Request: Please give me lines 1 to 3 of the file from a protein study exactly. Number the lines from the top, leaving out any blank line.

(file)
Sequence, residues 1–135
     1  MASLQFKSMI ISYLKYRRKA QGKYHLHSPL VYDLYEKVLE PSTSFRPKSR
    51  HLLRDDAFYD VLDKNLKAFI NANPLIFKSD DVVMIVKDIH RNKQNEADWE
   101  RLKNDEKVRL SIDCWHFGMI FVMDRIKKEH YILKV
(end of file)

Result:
Sequence, residues 1–135
     1  MASLQFKSMI ISYLKYRRKA QGKYHLHSPL VYDLYEKVLE PSTSFRPKSR
    51  HLLRDDAFYD VLDKNLKAFI NANPLIFKSD DVVMIVKDIH RNKQNEADWE